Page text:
Attacks in Istanbul
A day after the fatal hostage taking in Istanbul, armed assailants attacked the city's police headquarters on Wednesday. One attacker was killed, while her accomplice gave himself up. Some commentators put the blame for the supposed far-left terrorism on President Recep Tayyip Erdoğan and his authoritarian style of governing. For others it's less clear just who pulled the strings behind the attacks.
Erdoğan has created his country's problems
In the wake of the attacks in Istanbul Turkish President Recep Tayyip Erdoğan announced on Wednesday that the country would resist such terrorist assaults. But Erdoğan himself created the system that is producing the terror, the liberal daily La Stampa harshly concludes: "It seems an eternity since Turkey was considered a concrete possibility for political Islam. An Islam that was not only compatible with the principles of freedom and pluralism but also in a position to provide an alternative to radical Islamic tendencies. … The transformation of its leadership must be at the heart of the analysis [of the failure of the Turkish model]. Erdoğan has gradually assumed increasingly authoritarian traits. … In Turkey a political system is crystallising which, even if based on a broad consensus, has long since moved into the category of 'illiberal democracy'.
AKP system begins to totter
An election campaign manoeuvre could be behind Tuesday's terrorist attacks and nation-wide power failure, the left-liberal daily Frankfurter Rundschau surmises: "Are people close to the [Islamic-conservative governing party] AKP spreading chaos in a bid to present themselves as the country's only serious guarantor of stability? Once seemingly unassailable, the AKP is in fact going through rough times. The competition between President Recep Tayyip Erdoğan and Prime Minister Ahmet Davutoğlu poses a serious challenge, as do the ailing economy, the Syrian refugees and the unrest in the Kurdish south-east. The party has plummeted in the opinion polls and for the first time in twelve and a half years risks losing its absolute majority in parliament. That, in turn, that is causing the entire nepotism- and clientelism-based system to totter."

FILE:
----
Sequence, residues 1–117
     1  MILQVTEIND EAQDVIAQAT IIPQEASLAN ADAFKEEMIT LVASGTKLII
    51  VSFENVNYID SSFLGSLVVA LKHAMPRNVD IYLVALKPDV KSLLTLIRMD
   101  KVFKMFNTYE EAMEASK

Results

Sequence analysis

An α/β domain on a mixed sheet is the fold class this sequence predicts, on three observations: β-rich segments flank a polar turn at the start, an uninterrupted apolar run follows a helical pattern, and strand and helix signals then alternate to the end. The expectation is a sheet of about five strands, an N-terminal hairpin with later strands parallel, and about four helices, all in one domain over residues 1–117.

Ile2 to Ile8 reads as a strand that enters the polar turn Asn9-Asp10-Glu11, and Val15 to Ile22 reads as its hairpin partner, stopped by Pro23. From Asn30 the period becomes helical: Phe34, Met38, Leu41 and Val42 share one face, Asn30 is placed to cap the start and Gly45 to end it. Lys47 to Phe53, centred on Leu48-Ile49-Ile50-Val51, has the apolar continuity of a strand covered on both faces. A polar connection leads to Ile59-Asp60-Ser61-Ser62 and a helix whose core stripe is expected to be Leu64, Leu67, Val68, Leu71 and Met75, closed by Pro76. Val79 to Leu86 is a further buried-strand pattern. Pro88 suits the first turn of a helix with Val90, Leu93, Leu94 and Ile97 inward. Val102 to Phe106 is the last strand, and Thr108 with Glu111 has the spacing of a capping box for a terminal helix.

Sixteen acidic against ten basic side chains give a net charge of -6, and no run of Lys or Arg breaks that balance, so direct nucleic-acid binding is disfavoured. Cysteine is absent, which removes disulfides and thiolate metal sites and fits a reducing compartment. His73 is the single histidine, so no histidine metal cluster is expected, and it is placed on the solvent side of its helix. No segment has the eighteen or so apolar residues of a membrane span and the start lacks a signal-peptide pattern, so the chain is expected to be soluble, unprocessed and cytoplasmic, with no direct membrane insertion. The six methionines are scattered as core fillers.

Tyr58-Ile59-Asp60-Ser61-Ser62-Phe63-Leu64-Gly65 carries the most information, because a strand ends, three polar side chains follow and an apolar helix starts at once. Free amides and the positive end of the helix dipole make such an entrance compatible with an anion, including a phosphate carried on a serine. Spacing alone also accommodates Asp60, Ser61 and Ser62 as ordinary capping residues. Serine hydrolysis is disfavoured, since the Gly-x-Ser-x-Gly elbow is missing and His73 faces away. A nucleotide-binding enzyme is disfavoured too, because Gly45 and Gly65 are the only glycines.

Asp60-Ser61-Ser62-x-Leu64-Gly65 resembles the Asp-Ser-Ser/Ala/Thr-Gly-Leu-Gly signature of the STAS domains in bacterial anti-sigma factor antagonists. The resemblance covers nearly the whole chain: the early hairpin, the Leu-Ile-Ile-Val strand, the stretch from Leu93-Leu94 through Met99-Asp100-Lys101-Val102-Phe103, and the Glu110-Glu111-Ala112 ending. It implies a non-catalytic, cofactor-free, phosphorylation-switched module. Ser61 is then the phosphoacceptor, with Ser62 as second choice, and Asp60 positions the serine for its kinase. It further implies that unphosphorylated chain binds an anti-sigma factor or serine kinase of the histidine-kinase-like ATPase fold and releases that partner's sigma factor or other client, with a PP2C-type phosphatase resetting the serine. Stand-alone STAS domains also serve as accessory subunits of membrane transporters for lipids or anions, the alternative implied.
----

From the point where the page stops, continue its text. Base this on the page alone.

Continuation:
Implausible theory of far-left violence
Although it was the far-left DHKP-C who took the prosecutor at the Istanbul court hostage, other forces are behind the events, the anti-government daily Sözcu suspects: "Was the prosecutor taken hostage and killed to divert public attention from corruption, theft, joblessness, the oncoming economic crisis and Erdoğan's efforts to get Turkey firmly under his control by means of a presidential system? And this at a time when popular dissatisfaction is increasing and the AKP is losing its voter base? ... The prosecutor wasn't trying to hide anything. He put all his energy into investigating the files of the eleven people who lost their eyesight during the Gezi protests and the murder of Berkin Elvan. ... It's clear that he would have shed light on the circumstances of the killing. He didn't gloss over or suppress anything, and he was on Berkin's side. That's the kind of prosecutor they targeted and took hostage."